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Terrain of Freedom: American Art and the Civil War


An exhibition that explores the idea of freedom as it was represented by various American artists during the Civil War period remains on display in Galleries 141 and 142 through November 28, 1999. Terrain of Freedom: American Art and the Civil War highlights two recent major Art Institute acquisitions: John Quincy Adams Ward's sculpture The Freedman (1863) and Albert Bierstadt 's painting Mountain Brook (1863), both of which were featured attractions in the 1863 annual exhibition at New York's National Academy of Design. In addition to being critical successes at the time, each carried specific iconographic meanings related to the Civil War. Through a rich display of paintings, prints, photographs, and sculpture, this exhibition probes how the concept of freedom -- as it related to the "great national conflict" and the burning issue of emancipation -- was seen by Americans before and during this crucial period in American history.

Terrain of Freedom is divided into two sections, one revolving around The Freedman and one around Mountain Brook. The first focuses on strong images of African American slaves and freedmen in Civil War-era society. Modeled from life, The Freedman is widely considered the first and most accurate representation of an African American figure to be cast in bronze. Freed slaves were commonly portrayed in the 1860s as being dependent on, and indebted to, their eventual emancipator Abraham Lincoln. The Freedman's popularity, however, can be seen as a response to Ward's presentation of his subject as independent, strong, and dignified -- an agent of his own liberation. The sculpture further relates to the historical role that African Americans played as soldiers, who joined the Union Army in great numbers to fight for their own freedom. Other works in this section of the exhibition -- by Currier & Ives, Samuel J. Miller, and Alexander Gardner -- expand upon the portrayal of African Americans as elevated in social standing and fighting to determine their own fate in achieving citizenship and political rights. (left: John Quincy Adams Ward,The Freedman, modeled in plaser1863, bronze, 19 5/8 x 15 3/4 x 9 3/8 inches, Roger McCormick Endowment, 1998.1)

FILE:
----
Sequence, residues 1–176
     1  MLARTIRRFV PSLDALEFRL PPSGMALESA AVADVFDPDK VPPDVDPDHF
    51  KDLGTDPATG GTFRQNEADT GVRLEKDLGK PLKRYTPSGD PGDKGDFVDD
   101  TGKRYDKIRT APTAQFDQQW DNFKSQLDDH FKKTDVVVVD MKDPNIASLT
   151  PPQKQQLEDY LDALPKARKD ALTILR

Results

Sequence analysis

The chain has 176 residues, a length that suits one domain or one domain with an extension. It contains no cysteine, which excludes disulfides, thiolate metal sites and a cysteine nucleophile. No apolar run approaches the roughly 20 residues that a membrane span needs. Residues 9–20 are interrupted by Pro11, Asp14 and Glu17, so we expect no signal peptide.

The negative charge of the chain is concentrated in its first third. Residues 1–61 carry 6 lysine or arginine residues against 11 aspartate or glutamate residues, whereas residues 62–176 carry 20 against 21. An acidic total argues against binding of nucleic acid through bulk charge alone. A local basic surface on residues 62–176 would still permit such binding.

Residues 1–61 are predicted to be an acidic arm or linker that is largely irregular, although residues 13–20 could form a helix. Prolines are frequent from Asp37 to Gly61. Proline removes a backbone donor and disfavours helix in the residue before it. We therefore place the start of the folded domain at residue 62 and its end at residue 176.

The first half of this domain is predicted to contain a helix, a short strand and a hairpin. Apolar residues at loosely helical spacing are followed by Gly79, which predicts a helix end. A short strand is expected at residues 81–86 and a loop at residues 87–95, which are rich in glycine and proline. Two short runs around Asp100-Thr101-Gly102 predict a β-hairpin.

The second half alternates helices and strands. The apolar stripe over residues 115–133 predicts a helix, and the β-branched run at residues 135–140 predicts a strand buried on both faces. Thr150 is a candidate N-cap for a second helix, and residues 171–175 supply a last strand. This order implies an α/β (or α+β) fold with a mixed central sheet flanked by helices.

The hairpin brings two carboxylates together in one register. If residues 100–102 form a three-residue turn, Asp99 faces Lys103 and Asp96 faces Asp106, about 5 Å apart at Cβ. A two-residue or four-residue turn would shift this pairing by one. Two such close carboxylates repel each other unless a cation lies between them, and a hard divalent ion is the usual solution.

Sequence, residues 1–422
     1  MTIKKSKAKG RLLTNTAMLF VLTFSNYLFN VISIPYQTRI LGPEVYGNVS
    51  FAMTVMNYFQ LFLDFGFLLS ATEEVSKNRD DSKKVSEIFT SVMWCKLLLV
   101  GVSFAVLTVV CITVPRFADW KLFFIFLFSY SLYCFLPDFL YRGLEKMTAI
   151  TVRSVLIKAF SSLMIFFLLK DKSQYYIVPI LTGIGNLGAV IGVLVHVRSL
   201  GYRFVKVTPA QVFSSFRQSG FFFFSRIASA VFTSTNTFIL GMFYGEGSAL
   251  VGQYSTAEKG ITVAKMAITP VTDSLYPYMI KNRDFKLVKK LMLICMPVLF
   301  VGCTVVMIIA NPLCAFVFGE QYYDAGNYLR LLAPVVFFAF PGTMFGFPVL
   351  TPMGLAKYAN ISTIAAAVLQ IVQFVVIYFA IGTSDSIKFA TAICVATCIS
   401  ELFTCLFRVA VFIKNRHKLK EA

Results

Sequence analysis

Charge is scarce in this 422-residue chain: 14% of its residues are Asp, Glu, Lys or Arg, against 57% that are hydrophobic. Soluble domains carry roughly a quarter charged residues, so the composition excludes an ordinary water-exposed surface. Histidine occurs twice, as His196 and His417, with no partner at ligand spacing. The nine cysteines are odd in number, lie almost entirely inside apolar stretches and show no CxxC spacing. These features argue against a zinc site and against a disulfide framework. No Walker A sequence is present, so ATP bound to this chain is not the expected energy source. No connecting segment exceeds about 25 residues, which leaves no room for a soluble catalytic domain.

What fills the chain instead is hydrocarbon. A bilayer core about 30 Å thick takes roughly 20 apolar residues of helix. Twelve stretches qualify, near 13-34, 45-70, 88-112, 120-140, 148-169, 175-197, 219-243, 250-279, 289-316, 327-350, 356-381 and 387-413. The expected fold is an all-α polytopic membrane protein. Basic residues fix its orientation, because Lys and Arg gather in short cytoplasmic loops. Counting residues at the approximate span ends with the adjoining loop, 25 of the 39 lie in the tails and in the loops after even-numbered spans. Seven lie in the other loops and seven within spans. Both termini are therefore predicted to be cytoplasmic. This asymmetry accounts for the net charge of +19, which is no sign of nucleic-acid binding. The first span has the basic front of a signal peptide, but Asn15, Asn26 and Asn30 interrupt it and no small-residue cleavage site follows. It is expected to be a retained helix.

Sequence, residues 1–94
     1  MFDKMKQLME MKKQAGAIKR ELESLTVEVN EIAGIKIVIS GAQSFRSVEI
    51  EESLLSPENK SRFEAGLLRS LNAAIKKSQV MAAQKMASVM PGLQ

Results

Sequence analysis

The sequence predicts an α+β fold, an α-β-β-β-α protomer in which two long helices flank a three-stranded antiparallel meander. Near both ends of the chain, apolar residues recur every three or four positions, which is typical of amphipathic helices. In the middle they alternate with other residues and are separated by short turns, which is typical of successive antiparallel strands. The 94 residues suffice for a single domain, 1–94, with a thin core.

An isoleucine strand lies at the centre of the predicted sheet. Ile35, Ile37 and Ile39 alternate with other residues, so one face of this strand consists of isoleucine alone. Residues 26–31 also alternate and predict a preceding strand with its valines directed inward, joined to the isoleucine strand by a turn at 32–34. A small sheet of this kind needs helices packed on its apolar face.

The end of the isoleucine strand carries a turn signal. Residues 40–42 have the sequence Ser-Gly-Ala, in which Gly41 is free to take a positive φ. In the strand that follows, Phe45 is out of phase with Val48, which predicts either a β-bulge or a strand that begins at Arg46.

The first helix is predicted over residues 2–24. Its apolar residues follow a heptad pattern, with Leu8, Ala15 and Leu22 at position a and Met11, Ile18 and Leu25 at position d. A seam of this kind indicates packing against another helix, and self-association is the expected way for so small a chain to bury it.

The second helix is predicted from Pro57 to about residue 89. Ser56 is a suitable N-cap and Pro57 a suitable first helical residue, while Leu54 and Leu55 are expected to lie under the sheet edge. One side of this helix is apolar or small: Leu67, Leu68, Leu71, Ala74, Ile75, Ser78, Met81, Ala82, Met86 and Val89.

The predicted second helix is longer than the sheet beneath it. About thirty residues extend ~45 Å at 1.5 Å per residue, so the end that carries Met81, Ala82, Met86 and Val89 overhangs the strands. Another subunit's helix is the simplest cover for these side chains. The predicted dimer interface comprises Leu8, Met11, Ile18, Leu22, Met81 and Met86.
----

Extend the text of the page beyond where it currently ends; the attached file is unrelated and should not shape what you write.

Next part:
The Mountain Brook section presents a number of visual images of the American landscape and examines their metaphorical relationship to freedom. Responding to the crisis of this country's greatest internal conflict, artists transformed natural events -- particularly autumn scenes -- into a type of visual poetry that addressed the concerns of a nation at war with itself. Bierstadt, for example, portrayed the White Mountains of New Hampshire as virginal, unspoiled by civilization. Although it was a recognizably northern landscape, Mountain Brook also functioned as an emblem for the nation as a whole, both a signal image of peaceful times and a reminder of the brutal confrontation then raging, with the simple details of nature taking on symbolic meanings. Autumn foliage, for example, is seen as fratricidal blood spilled upon the land, a passing from life to death. In addition to the nationalistic Mountain Brook, particularly significant are On the St. Anne's, East Canada (1863), by the African American artist Robert Scott Duncanson, and Our Banner in the Sky (1861) by Frederic Edwin Church. As the time's most popular form of American artistic expression, these landscape paintings held the power to address the need for national unity in a country otherwise torn by Civil War. (left: Albert Bierstadt, Mountain Brook, 1863, oil on canvas, 44 x 36 inches, Restricted gift of Mrs. Herbert A. Vance; fund of an anonymous doner; Wesley M. Dixon, Jr., Fund and Endowment; Henry Homer Strausss and Patrick G. Wacker endowments; through prior acquisitions of various donors, including Samuel P. Avery Endowment, Mrs. George A. Carpenter, Frederick S. Colburn, Mr. and Mrs. Frank Harding, International Minerals and Chemicals Corp., Mr. and Mrs. Ralph Loeff, Mrs. Frank C. Miller, Mahlan D. Moulds, Mrs. Clive Runnells, Mr. and Mrs. Stanley Stone, and the Charles H. and Mary F. S. Worcester Collection, 1997.365)

Ward's The Freedman and Bierstadt's Mountain Brook are masterful works in themselves. When their historical meaning is unpacked and placed within a broader spectrum of Civil War-era visual culture, Terrain of Freedom: American Art and the Civil War opens a window on this country's most difficult moment: a moment when freedom was the issue.


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For further biographical information on selected artists cited in this article please see America's Distinguished Artists, a national registry of historic artists.

rev. 10/26/10

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